Deadman Instructions: Ground Anchor
How to Revive your Deadman
You dug once already... screw digging the anchor up again! Yank it out instead.
Full demonstration & review with Krazy Beaver Tools
Many thanks to Krazy Beaver Tools and Pitbull Motor Toyz for spending an afternoon with us to try out the Deadman.
Testing Maximum Capacity in Dune Sand
We set out to see how much capacity the Deadman would deliver in the shifting sand dunes of Pismo Beach, CA. We nearly ripped the bumper of of the truck (seriously) in the process, topping out at 8,050lb before giving up - the anchor never moved. Regardless, when we were finished, we pulled it out by a single corner with no more digging. FTW!
Split Screen: Deadman Sand recovery
In this video, the truck was stuck at the bottom of a soft sandy slope. We anchored to the hardpack at the top of the slope and used the winch to make the climb. The split screen is used here to demonstrate a single, contiguous recovery.
Pulling out a 6,000lb Tacoma with the vehicle in Neutral. The truck was buried to the frame.
This video was taken of an early prototype during destructive testing and shows what you DON'T want to see from a strap. If the splice breaks (e.g. the thread), then you need to improve your assembly with a different design. We did exactly that and improved our design to achieved a minimum breaking strength of over 16,600lb -- much better than many of our competitors for the same 19,600lb sling.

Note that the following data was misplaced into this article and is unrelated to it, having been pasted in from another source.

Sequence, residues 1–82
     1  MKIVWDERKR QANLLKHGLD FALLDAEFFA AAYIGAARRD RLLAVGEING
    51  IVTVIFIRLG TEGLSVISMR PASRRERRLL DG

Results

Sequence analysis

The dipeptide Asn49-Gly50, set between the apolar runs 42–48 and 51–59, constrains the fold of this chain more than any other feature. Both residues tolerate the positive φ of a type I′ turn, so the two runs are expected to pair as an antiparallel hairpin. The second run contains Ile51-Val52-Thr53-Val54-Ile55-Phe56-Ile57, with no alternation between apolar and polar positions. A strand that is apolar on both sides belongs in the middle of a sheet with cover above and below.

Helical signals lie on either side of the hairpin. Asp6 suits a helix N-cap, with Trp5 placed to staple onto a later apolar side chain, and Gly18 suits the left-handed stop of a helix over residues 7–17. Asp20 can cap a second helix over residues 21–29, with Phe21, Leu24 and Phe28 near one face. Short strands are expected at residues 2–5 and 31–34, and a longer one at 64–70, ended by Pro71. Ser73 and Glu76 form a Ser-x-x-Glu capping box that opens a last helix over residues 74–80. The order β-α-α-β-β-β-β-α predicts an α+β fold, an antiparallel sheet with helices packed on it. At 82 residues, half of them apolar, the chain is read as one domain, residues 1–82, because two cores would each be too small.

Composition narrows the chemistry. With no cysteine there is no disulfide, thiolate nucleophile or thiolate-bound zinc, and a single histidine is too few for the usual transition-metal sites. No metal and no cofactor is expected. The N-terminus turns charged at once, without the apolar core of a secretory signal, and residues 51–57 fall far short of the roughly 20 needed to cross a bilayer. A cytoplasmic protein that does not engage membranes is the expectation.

What happens when the Deadman is overloaded
Note that nothing catastrophic happens here. As the soil around the Deadman gives way, the load lightens and any stored energy (very low regardless, since the Deadman is manufactured from low-stretch polyester fibers) is slowly released.
Hardpack hillclimb using the Deadman
In this video, we climb a soft, steep sandy hill using the Deadman, buried to a mere 18" in hard soil.
Using the Deadman to recover from a bad dune crest
While it may be hard to bury the Deadman in shifting, blowing sand, this video demonstrates that it is possible to use the Deadman to recover from being hi-centered on a dune ridge. Similarly, it demonstrates the viability of using the Deadman at a high angle.
Using the Deadman as a Rock Hugger
Rocks can make excellent winch points, IF you're able to anchor to them securely. The Deadman not only makes it extremely simple, it makes a very safe anchor as well. (Note: in this example we're using a snatch block (e.g. pulley) "backwards" on purpose. We use the radios of the snatch block to create a safe bend radius in the winch line and further take advantage of this to create a self-balancing rigging.)
How we prefer to fold the Deadman
Though we've got a carry bag in the works, it's still easy to manage the Deadman without it. Here's how we prefer to do it.